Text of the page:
The fake lino floor of my kitchen wasn’t as clean as I thought, and as I lay there in the foetal position with my script in my hand the only thing that was rattling around my head was “Why am I doing this to myself? Why didn’t I become an accountant?” The actor’s breakdown is a unique experience – we are the only group of people in the world who need to be simultaneously emotionally open and vulnerable to the work we do, and at the same time steeled for the pain of rejection from auditions and the like. It’s a volatile combination, which left unchecked can lead you to being like I was on the kitchen floor that day.
The reality is that we are always going to come up against this incredible contrast of emotions. It’s the grind, right? But we can make it a little easier, here are my top five tips for avoiding an actors breakdown.
Obviously right? It’s tip 7 in our 107 Acting Tips. But here’s the thing, so often an actor’s breakdown is born from anxiety, from a fear of failure and controlling your breathing is an excellent way to calm down and take control of your emotions. For me on the kitchen floor that day, I was preparing for the Larry Moss workshop in Melbourne. I had 20 pages of dialogue to learn in a New York accent, and I was terrified of making an idiot of myself, of being called out by Larry in front of a room of industry professionals. My absolute nightmare.
In the army, they talk about tactical breathing: in for four counts, holding for four counts and out for four counts. I figured if it was good enough for people in the heat of battle it will probably work for me learning a monologue. I took a minute, breathed and started to calm down.
This is so key, and it has changed my life. At the risk of sounding like the cliched ending to a Disney movie, you have had the magic in you all along. But seriously, it is phenomenal how much difference a bit of belief in yourself will make. If you are telling yourself you cannot do something, you’re going to find it very hard to do that thing. On my kitchen floor, I was telling myself that I was going to fail. That to even try was pointless, that I should quit and do something else.
What changed me was the thought that this is what makes me happy, that I function at my highest level and with the most joy when I’m on-stage in front of an audience. And furthermore my value is not defined by what other people think of me, my value is defined by the hard work I do to improve my craft. Not to perfect anything, that’s impossible but to have a body of work behind me so when I get up on stage I can rely on that and enjoy the experience of acting.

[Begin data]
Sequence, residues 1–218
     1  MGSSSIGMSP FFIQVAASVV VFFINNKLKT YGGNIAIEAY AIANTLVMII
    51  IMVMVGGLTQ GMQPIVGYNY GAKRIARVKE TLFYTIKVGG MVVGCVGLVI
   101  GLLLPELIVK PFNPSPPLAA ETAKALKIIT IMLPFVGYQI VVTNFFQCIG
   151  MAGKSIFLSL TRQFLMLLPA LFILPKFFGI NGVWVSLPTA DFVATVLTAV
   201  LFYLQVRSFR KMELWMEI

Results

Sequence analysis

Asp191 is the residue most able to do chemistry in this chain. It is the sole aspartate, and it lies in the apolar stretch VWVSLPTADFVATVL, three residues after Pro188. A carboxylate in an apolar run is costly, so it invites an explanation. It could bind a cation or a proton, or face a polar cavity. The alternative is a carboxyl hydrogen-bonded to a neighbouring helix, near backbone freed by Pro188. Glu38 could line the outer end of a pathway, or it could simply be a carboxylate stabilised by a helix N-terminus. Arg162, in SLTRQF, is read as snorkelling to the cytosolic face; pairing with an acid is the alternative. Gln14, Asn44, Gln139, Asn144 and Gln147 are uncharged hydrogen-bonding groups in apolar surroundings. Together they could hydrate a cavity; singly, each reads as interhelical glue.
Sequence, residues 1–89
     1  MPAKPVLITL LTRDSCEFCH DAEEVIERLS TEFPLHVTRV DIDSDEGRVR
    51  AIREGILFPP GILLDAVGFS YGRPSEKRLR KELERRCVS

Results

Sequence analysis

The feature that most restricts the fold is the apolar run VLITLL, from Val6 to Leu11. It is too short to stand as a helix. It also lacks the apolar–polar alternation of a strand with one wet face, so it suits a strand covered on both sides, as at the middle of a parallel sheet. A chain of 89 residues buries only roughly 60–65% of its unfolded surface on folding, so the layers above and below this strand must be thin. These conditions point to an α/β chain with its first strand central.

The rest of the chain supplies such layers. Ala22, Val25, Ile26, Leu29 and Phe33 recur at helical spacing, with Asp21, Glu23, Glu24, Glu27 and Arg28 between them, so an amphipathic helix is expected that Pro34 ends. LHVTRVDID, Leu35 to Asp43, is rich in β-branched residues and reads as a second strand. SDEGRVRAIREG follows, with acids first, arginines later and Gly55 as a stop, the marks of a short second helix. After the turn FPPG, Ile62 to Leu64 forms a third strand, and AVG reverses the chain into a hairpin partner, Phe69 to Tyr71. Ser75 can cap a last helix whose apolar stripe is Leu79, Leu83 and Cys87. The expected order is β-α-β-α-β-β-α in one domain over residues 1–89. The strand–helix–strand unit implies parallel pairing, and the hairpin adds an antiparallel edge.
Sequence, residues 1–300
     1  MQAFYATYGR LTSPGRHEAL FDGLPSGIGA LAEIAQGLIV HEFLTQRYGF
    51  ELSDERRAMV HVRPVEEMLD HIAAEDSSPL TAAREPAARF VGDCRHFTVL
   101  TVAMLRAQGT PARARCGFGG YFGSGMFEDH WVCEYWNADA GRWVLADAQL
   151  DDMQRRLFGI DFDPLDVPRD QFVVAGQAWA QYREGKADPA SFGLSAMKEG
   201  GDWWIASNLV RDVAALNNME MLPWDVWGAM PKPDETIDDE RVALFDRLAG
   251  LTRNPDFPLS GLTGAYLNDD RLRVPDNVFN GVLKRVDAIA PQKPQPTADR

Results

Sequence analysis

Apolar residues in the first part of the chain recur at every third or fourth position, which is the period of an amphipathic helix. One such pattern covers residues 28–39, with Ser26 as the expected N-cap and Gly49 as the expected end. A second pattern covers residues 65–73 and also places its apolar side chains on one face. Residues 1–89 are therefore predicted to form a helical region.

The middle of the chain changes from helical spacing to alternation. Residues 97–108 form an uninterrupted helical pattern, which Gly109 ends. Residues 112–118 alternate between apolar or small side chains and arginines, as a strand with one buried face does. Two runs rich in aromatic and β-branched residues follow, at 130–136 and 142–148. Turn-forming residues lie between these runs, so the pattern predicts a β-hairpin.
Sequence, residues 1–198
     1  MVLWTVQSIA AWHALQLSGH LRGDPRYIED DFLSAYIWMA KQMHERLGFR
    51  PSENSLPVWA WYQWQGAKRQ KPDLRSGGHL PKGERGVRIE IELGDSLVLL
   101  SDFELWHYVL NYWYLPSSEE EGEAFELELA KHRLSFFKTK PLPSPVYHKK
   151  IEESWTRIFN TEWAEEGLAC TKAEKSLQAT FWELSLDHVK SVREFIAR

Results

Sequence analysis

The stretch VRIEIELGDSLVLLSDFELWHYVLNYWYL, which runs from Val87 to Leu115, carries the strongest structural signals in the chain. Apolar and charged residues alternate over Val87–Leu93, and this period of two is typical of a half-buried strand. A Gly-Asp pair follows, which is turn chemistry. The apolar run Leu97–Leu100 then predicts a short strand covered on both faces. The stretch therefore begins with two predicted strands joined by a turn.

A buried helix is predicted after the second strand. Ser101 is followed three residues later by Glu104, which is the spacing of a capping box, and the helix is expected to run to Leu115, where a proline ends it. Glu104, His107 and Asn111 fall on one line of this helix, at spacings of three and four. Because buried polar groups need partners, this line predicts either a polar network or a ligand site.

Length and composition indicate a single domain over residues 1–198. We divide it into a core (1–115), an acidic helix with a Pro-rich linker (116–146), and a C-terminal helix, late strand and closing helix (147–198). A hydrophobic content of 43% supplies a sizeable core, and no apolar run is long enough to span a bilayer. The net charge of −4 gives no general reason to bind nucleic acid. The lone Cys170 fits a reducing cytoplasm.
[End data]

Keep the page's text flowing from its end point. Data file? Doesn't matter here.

Not sure what work to do? Or how to do it? Check out StageMilk Scene Club.
Lying there, on the lino, contemplating my existence was interrupted by a voice:
“You right there mate?”
My housemate Tom, he’d only just moved in that week, (what a great introduction to a house right? Finding your flatmate curled up in a ball on the kitchen floor!) And look, he could’ve responded in a million ways, but what he did was put the kettle on, sit me down and talk to me about what was going on.
What he got was a 20-minute rant from me on how difficult the industry is, the lack of roles for ginger men in their early thirties and how scared I was of being judged in front of my peers. Tom calmly listened to me, got me a tea and at the end of my rant said “But Pat, you love it and you’re good at it. What else are you going to do?” Do the work that’s what.
The best day I had working on this script was when my girlfriend got me out of the house, to work on my lines at the beach. A change of scene can do tonnes for your mental state. A dip in the ocean on a cold, clear Sydney day, lying on the beach and running lines with someone who cares about you and wants you to do well. It’s a winning combination.
This one cannot be overstated. More often than not, the reason I get anxious or scared about a role is that I haven’t done enough work yet. I haven’t nutted it out and learned the pants out of my lines, learned about the context of the character, the playwright, the world of the work, I haven’t created a character that is a unique, living breathing thing. The more work you do, the better you will feel.
It was a real low point for me, having that actors breakdown. The expectations I put on myself, the poor self-talk and the laziness that had crept into my process had a detrimental effect on me. But thanks to the people around me, my self-belief and a few other positive changes I was able to get off the lino and the work I did at the Larry Moss workshop is a real point of pride for me today. Our mental health is really important, and if you or people around you are struggling it’s really worth reaching out for help. Beyond Blue, Headspace and Lifeline all have qualified people to talk to if you need them.
In the meantime, keep working and stay off the kitchen floor!